Or watch this video! Now on to those tips!

    Music, Music Everywhere!

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    OK, now that you know how to make a collaborative playlist, here comes the hard part: figuring out what that playlist should be about. You're going to need a theme.

    A playlist theme can be anything, you make the rules (like one artist per song, seriously). Themes can be as simple as love, death, or how "tonight is the night and we only have tonight." A theme can follow a story arc like that of a relationship that starts out great and ends in disaster. Or it can just be "Metal Songs For Throwing Steel at The Gym."

    But most importantly, a collaborative playlist theme should really feel more like a game with room to be creative (more of that later on).

    1. Think of An Interesting Title (Before, During, After)

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    Along with your playlist theme, you're going to need a title. It's going to have to be a good one and "Jock Jams 2020" just ain't' gonna cut it. But you've got time. Maybe a good title comes to you right away or in the middle of putting the playlist together. You can always change the title at the end if you've come up with a better one. For a collaborative playlist, you can always put the title to a vote. But remember, a good title ties into the theme and should be fun (if not funny).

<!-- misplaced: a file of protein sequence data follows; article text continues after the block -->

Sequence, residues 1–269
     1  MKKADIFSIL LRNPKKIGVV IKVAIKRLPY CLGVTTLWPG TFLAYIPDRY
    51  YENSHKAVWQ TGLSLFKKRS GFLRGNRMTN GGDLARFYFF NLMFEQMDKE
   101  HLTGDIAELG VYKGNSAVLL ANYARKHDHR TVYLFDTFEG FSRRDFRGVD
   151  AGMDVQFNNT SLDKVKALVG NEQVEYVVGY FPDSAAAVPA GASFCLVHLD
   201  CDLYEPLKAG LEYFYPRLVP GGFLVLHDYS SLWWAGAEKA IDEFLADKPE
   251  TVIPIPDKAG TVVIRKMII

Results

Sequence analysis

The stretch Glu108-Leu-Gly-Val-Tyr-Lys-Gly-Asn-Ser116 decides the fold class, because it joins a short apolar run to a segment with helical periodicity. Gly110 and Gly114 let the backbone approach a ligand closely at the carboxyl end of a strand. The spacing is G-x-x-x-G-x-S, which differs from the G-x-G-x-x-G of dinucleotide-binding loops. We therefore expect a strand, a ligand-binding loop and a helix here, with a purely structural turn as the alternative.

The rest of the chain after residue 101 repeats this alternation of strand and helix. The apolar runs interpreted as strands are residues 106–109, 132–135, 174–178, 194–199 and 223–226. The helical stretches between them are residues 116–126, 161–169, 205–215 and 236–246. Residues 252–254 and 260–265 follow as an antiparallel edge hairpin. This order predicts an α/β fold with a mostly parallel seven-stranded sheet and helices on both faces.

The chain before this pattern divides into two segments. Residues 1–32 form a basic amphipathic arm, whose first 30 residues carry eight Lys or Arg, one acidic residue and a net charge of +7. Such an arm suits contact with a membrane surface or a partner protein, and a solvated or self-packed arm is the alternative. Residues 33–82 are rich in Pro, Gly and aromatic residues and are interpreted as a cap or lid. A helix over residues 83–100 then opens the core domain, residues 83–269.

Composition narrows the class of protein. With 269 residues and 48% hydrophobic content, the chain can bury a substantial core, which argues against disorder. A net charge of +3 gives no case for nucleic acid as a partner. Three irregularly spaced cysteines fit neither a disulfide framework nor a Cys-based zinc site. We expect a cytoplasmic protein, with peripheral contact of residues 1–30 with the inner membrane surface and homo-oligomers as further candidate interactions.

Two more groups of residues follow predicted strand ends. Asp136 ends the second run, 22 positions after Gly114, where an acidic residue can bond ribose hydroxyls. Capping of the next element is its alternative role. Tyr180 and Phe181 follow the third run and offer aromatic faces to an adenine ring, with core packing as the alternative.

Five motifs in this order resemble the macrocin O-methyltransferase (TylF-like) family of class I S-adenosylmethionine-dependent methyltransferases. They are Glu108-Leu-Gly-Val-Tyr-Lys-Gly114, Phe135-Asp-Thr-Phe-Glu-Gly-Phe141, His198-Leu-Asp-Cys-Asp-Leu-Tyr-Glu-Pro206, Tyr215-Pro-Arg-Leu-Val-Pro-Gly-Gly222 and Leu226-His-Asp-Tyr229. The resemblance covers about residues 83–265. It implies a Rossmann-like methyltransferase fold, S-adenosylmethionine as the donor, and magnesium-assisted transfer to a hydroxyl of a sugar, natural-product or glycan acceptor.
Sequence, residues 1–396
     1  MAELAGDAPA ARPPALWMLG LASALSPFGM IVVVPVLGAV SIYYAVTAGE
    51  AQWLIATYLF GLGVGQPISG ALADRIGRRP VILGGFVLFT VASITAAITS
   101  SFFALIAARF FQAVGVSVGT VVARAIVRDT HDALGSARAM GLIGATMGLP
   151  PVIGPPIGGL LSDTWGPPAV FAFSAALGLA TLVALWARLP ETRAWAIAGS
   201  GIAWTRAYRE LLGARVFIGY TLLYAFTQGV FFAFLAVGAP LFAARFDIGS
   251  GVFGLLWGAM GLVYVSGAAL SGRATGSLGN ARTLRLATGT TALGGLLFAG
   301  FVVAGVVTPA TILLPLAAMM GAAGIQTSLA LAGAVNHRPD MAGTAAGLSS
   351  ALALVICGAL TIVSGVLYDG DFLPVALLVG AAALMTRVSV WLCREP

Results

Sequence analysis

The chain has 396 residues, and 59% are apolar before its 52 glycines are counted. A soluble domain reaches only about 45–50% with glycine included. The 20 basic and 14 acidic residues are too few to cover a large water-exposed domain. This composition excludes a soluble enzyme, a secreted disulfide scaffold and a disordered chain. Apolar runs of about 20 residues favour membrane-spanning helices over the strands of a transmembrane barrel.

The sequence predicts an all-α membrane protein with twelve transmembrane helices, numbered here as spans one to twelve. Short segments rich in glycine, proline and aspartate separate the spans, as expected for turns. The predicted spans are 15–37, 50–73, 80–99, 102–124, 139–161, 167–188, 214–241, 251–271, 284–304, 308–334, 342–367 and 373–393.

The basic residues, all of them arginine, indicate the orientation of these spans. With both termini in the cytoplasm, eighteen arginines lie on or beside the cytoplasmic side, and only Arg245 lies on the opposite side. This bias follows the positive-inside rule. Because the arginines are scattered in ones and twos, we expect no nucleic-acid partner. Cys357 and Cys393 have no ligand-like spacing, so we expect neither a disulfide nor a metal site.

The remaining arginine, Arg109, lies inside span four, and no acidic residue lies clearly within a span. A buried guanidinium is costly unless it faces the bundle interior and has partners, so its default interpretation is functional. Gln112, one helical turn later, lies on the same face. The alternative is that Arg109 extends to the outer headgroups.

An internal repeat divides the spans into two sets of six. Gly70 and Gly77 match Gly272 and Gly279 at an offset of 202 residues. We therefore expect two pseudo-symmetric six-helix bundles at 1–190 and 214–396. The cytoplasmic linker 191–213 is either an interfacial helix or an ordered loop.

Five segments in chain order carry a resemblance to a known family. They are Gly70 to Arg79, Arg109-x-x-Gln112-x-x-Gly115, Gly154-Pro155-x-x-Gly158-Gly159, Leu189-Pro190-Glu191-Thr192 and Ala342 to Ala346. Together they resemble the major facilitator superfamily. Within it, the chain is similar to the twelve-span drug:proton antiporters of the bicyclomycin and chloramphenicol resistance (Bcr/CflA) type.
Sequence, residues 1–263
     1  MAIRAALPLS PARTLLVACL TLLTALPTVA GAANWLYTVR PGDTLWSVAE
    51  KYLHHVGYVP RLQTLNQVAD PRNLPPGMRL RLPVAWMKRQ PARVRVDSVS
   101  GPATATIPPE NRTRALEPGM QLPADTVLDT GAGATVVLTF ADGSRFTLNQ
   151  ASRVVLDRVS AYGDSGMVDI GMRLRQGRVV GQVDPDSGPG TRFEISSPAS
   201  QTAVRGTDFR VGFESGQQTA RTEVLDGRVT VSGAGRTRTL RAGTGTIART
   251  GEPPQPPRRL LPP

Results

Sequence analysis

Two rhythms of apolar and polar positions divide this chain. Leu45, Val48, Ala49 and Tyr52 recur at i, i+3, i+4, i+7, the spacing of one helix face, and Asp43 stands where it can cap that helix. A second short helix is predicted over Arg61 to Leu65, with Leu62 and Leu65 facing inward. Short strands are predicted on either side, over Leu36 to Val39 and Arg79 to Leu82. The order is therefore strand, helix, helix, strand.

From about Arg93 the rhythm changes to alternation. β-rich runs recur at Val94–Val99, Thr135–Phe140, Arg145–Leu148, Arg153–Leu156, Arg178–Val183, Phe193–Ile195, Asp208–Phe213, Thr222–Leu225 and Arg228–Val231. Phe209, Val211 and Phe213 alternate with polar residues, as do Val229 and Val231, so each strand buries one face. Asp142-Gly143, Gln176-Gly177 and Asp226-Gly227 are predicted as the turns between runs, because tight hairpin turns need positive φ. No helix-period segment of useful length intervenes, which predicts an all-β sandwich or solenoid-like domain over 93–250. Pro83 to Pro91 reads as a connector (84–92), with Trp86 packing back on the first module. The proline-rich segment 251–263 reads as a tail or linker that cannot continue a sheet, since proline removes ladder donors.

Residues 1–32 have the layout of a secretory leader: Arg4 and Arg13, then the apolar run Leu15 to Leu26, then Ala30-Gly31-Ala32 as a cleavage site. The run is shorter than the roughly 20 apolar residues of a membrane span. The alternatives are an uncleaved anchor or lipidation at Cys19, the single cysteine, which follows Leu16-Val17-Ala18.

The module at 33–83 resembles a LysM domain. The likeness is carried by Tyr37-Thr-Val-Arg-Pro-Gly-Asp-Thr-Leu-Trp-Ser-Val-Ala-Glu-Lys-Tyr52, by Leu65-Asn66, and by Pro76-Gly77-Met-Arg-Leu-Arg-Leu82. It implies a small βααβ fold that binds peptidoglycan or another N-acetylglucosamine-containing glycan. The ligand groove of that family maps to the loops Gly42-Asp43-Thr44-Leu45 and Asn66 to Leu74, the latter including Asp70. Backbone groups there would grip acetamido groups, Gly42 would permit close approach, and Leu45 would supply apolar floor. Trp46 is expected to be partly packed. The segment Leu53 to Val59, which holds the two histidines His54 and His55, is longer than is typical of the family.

2. Pick Your Playlist Songs Like A Fantasy Draft

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    Once you've locked down that playlist theme (let's call this one "Big Willie Weekend") throw all of the playlist collaborators into a randomizer. This will determine the order of a "snake draft," which means that the person picking last gets the first pick of the second round. The song selection then "snakes" its way back to the person who drafted first. Repeat this process for however many rounds/songs you want to include. The fun part is waiting to see what song pops up and if your next pick just got stolen.

    3. Make It Like a Mixtape